The Wall Street Journal recently asked to speak with me for a report about the steps parents can take to teach their kids the value of money and help them achieve financial freedom.
As the report makes clear, we provide guidance to clients on this subject when asked — and we do so because we have, indeed, seen how our clients’ own plans for retirement and legacy giving can be negatively impacted and how familial conflicts arise when children remain financially tethered to their parents for too much and for too long. But oh, do I get their desires to be helpful. My wife and I also want the best for our children — and we’ll do anything for them.
So, where are we parents to draw the lines with our financial giving — which really is also an expression of our love for our kids? And are these hard and fast lines that can’t be moved? Are they determined by our children’s ages? Are they determined by the nature of the expense, such as education (and is that undergraduate versus graduate school?), housing, transportation or their own eventual retirement years? These days, such questions loom especially large because, as the WSJ notes, “the rising costs of housing, health care and other essentials has been outpacing entry-level salaries in recent years.”
I wish I had easy answers — but I don’t. Every family is different, every circumstance unique, and Cardan Capital Partners is here to provide the focused and individualized analysis and financial planning every family needs. However, I do have some general ideas about how parents can help their children know the value a dollar as it relates to the pride and joy found in doing good work and investing, saving and spending well.
Start early — and focus on contentment. Whether they’re 2 years old or 22 years old, it’s important for parents to teach their children about how to earn, spend and give money in ways they find deeply satisfying. These times of teaching are great opportunities for parents and children to bond. Help little ones see their savings by giving them old-fashioned, clear jars or piggy banks. Show tweeners how to comparison shop and avoid impulse buying. Help teens save for a car. Encourage your college student to find a part-time job. All along the way, parents can help their children find contentment in their financial circumstance. No, that car may not be the newest on the block, but it gets from Point A to Point B just fine. And yes, you, too, can have a memorable time at senior prom without needing to rack up credit card debt.
Help your child set up banking accounts. Banks differ in their requirements for setting up savings and checking accounts for a child — but opening an account is a great way to launch your child’s lifelong, financial journey. If you’re in the Denver area, check out the Young Americans Center for Financial Education, which is specifically designed for people 21 and younger.
Teach the basics of budgeting — and use some of your own household expenses and financial goals to serve as examples. Give your child a sense of how much it costs each week to fuel the car to travel to work and school, to purchase enough groceries to comfortably feed everyone and to treat everyone to a fun time at the movie theater on a Friday night. When children can internalize the costs of their necessities and wants, they often better understand the sacrifices their parents make to provide for them.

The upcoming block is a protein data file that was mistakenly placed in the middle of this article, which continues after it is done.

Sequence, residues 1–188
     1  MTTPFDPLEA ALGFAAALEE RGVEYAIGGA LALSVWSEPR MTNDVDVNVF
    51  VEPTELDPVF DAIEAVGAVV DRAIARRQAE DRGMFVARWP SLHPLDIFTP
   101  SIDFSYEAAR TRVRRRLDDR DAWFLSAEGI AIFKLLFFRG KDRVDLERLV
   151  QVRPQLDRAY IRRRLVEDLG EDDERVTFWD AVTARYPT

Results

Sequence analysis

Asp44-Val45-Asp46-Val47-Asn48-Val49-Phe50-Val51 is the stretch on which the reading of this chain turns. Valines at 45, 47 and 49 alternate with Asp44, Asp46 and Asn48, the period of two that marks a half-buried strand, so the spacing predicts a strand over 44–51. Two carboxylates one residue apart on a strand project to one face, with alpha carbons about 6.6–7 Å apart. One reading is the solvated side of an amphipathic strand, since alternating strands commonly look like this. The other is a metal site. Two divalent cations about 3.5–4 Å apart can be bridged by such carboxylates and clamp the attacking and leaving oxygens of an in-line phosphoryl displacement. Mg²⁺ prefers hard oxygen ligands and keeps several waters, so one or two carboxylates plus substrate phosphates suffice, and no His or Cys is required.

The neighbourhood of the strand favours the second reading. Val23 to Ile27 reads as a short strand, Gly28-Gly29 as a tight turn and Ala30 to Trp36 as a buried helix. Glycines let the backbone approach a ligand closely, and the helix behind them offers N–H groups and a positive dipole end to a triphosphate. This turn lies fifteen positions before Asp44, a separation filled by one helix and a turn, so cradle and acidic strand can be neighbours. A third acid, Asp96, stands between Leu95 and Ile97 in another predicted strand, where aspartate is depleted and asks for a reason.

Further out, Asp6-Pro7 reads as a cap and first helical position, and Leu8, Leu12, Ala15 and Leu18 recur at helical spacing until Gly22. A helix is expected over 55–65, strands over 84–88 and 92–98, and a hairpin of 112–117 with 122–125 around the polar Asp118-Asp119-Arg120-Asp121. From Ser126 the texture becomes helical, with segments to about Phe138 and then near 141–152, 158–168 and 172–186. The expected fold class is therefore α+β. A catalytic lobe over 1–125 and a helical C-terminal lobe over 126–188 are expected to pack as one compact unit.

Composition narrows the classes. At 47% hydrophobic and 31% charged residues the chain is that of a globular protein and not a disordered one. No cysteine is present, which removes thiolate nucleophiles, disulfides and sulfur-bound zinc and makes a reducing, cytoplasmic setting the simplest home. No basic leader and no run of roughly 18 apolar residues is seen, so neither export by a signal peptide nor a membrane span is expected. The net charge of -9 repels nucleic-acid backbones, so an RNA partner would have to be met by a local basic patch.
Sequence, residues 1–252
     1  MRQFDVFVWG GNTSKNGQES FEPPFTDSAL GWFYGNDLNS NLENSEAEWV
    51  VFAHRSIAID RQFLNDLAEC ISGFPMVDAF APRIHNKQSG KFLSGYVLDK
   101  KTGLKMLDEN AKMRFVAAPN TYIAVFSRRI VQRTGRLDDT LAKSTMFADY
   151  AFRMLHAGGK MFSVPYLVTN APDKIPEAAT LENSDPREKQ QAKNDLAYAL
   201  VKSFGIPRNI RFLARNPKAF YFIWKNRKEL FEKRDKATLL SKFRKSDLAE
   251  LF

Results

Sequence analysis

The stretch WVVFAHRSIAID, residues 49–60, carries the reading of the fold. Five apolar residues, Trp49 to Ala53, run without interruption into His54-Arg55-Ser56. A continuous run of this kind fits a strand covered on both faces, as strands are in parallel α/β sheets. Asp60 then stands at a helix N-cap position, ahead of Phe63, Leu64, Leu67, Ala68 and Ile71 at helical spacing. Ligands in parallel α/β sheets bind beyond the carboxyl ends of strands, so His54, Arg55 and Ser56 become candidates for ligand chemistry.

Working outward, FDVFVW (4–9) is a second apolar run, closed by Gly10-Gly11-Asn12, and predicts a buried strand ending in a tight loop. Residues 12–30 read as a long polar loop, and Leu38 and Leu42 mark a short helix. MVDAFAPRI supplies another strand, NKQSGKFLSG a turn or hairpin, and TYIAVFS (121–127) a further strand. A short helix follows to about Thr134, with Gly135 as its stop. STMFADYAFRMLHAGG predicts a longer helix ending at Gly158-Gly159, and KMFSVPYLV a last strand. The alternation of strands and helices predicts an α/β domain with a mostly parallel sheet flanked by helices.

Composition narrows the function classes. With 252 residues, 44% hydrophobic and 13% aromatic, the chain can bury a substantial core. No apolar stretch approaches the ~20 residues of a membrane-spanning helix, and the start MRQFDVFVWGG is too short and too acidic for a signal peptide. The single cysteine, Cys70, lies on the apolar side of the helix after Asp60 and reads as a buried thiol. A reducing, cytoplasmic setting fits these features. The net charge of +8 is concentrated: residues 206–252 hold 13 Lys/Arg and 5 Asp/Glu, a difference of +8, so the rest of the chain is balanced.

Teach the basics of investing. This is certainly where Cardan Capital Partners could help — but we also recommend Personal Finance for Teens, a good book parents and children can read together to talk through the basics of investing.
Require teenagers to earn their spending money. This is about so much more than teaching money-management skills. I find that when young people have a part-time job, they build confidence, work ethic and a greater senses of responsibility and independence. They also tend to gain new appreciation for the education and effort required to earn the money needed to afford the lifestyle they desire.
Check your motives for providing financial assistance to your young adult. We’re talking about helping young people achieve financial freedom, right? Chances are good they will need to make their own mistakes to learn some important lessons. As tempting as it is to help our children when they encounter a financial problem, it’s not necessarily a good idea to help them cover the costs, much less bail them out entirely.
Help your young adult be realistic. The typical college graduate who is truly out on his own isn’t going to be able to afford his parents’ lifestyle. He may have to move to a smaller — make that much smaller — market where housing is more affordable and other costs of living are more in line with his paycheck. He may have to settle on a one-bedroom or studio apartment and get used to dining in on soups, salads and sandwiches. There is contentment to be found in these early stages of adulthood, too.
Matt Papazian is a co-founder of Cardan Capital Partners — and father of two children who still have a lot to learn. He welcomes hearing from you.